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Wearing glasses and contacts is very common. Millions of people deal with near-sightedness, farsightedness, astigmatism, and many other issues. This makes regular eye exams pretty routine. But, sometimes you need a more in-depth exam. That’s where comprehensive eye exams come in. So, what exactly are these exams and how do they work?

Regular eye exam vs. a comprehensive eye exam

Typically, when you think you may need glasses, you receive a basic eye exam. Your eyes are checked to determine visual sharpness and to see if you suffer from astigmatism, myopia (near-sightedness) or hyperopia (farsightedness). These routine, regular eye exams usually start when you’re a kid to determine if you need a prescription for glasses.

If you don’t have any vision problems you’ll have these exams far less than people who do.

Comprehensive eye exams check for more serious issues. These exams look for a number of different possible diseases or other vision problems. Both your medical and family history are generally used to determine whether you need this type of eye exam. For example, if you have a history of glaucoma, it’s a good idea to schedule a comprehensive eye exam.

What does a comprehensive eye exam cover?

These exams test your visual sharpness and the strengths of each individual eye. The purpose is to provide a full analysis of possible diseases and impairments. To do this, your doctor will perform a number of tests, including:

  • Color blindness test to ensure you can correctly identify different colors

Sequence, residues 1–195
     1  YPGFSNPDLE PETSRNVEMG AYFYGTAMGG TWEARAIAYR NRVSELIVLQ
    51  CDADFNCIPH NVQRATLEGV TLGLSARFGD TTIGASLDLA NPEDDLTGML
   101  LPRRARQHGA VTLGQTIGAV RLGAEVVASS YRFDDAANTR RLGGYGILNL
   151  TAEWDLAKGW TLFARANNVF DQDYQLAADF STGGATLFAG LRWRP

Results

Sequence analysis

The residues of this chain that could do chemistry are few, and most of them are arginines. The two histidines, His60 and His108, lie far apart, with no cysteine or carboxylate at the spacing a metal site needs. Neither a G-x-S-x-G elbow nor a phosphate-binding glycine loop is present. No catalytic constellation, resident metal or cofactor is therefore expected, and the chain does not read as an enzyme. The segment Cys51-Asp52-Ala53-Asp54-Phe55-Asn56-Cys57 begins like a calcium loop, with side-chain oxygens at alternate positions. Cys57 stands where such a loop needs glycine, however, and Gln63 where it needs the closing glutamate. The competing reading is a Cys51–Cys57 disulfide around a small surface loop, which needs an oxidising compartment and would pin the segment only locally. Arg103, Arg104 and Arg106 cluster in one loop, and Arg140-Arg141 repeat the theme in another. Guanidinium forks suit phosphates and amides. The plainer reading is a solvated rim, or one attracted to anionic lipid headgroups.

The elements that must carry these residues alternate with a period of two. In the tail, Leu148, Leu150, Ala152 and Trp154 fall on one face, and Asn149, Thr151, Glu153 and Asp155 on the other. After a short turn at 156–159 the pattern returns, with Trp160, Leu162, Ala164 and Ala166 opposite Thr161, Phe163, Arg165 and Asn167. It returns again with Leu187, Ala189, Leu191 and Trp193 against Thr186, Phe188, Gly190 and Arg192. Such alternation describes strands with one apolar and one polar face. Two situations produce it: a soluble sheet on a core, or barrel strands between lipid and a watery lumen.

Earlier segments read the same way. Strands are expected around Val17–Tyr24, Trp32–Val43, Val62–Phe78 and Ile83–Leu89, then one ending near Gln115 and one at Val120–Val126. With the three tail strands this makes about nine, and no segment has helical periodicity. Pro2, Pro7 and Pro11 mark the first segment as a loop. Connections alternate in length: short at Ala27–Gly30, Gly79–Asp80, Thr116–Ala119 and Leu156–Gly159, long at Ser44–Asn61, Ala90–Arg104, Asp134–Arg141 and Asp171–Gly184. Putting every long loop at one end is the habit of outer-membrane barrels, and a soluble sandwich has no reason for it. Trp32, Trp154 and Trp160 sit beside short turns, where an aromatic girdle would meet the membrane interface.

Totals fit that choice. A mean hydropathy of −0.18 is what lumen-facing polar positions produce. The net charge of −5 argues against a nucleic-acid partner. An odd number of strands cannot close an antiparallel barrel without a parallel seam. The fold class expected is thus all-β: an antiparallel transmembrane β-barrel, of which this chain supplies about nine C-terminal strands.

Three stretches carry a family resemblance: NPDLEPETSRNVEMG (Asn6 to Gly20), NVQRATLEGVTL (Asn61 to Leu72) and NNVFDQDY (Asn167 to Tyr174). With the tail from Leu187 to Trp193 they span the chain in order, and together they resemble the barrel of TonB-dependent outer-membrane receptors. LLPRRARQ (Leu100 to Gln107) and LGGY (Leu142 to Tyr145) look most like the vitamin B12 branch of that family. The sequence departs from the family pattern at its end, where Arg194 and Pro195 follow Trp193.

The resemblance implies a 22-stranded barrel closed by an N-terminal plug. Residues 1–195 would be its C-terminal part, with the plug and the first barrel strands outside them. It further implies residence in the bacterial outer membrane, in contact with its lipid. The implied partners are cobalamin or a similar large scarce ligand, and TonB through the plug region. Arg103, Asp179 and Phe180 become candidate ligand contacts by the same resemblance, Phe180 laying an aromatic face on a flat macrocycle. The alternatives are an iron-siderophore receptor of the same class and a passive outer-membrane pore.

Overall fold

• Cover test to check for a lazy eye or another issue that could cause eye strain
  • Slit-lamp test to examine your eye structure and look for anything out of the ordinary

Routine Eye Exam vs Comprehensive Eye Exam

Each test is catered to your individual needs, based on your family and health history. Unlike routine eye exams, a comprehensive eye exam is completed by an optometrist or an ophthalmologist (and often they work together to develop a diagnosis).

Optometrists are essentially the primary source of eye care. They typically perform exams and prescribe glasses and/or contacts. Ophthalmologists are specialists who diagnose eye conditions and perform treatments and surgeries to correct the problem.

It’s recommended to get a comprehensive eye exam at least every two years. However, if you’re over the age of 60, you could benefit from frequent exams to address any issues from your changing vision.

Do you think it’s time for a comprehensive eye exam? Contact us to schedule an appointment with Dr. Ashley Swalla at Classic Vision Care. She’ll provide experienced care that’ll leave you feeling better about your eye health.


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